Renowned for work that is as poetic as it is political and biographical, Emily Jacir will fill the role of the Spring 2022 Tieger Mentor in the Arts. Jacir's work spans a range of strategies including film, photography, sculpture, interventions, archiving, performance, video, writing, and sound. She will be on campus every week to conduct a seminar with M.F.A. students and will give a public artist talk titled Not So Long As The Night, tentatively scheduled for March 7. Ramírez Jonas says, "This is the second semester that we are implementing the reconfigured Teiger Mentor program, where centering on the close mentorship aspect of this important appointment is the priority and so includes weekly visits to campus to lead the grad seminar and regular visits to the M.F.A. studios."

On the occasion of the art department's 100th anniversary, two artists, former chair Buzz Spector and alum Baseera Khan will return to the college as part of a series of impressive visitors who will give public artist talks. Spector will give the Tenaglia art lecture titled ON EDGE: What Constitutes Drawing in the Art of Buzz Spector, on March 21, and Khan (M.F.A. '13), whose current solo exhibition, I am an Archive, is currently on view at the Brooklyn Museum, will give a talk on April 25. Other celebratory events will be announced over the course of the semester.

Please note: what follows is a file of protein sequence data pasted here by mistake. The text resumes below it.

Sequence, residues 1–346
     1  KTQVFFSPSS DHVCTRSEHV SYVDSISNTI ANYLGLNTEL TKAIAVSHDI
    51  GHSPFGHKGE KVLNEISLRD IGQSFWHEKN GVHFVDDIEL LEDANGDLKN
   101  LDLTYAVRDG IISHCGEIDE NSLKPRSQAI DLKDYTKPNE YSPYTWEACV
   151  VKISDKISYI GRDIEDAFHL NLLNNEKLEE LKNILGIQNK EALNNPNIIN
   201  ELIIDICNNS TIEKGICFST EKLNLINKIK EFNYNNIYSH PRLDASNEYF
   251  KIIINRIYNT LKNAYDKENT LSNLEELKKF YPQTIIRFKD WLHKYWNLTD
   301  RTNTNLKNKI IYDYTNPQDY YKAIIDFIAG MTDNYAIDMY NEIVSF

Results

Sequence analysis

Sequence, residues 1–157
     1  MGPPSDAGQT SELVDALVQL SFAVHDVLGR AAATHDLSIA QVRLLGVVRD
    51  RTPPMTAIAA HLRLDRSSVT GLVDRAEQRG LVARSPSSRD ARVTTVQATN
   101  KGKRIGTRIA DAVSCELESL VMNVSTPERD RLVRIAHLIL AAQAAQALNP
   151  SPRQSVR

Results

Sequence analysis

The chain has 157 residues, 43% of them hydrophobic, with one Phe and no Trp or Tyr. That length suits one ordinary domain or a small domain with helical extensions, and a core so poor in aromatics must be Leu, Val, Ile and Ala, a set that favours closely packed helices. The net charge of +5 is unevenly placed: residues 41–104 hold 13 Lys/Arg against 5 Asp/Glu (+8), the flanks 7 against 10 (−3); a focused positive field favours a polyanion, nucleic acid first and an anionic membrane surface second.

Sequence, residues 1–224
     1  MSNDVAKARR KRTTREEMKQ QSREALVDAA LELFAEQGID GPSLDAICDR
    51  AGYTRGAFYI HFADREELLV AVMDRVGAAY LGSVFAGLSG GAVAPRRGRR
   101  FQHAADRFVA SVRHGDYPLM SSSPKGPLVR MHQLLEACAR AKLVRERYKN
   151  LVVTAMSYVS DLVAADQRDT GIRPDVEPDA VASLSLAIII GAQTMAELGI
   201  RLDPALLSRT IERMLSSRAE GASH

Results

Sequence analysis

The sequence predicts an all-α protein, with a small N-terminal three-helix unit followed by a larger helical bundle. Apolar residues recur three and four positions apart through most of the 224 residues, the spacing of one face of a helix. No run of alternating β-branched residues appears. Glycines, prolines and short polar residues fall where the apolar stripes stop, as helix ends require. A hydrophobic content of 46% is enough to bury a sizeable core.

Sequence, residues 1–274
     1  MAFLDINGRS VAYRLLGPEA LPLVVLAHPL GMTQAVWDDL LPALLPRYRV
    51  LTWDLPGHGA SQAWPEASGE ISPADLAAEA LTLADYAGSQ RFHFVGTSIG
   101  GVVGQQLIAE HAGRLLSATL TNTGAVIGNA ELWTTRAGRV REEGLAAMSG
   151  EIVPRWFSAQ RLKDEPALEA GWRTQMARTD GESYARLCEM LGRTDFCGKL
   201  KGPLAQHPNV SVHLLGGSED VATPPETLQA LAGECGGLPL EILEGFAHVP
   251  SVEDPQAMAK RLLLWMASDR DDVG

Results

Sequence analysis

This semester's John A. Cooper (B.F.A '97) lecture will be given on May 5 by widely recognized artist Jeffrey Gibson. Gibson is a contemporary American painter and sculptor of Choctaw-Cherokee heritage known for his works that combine elements of traditional Native American art and contemporary artistic references. The John A. Cooper Visiting Artist Lecture Series brings distinguished artists of particular renown to the Ithaca campus for lectures, studio visits, seminars, and individual critiques with B.F.A. students.


Left: video still from CR0WD: An introduction. The CR0WD (Circularity, Reuse, and Zero Waste Development) network partners include the Just Places Lab (CRP) and the Cornell Circular Construction Lab (Architecture). Right: Students in Professor Sara Bronin's class titled A Zoning Atlas for Upstate New York will work with area planners, analyze zoning codes, and create an atlas showing the characteristics of different zoning codes.

Planning's new leadership and trajectories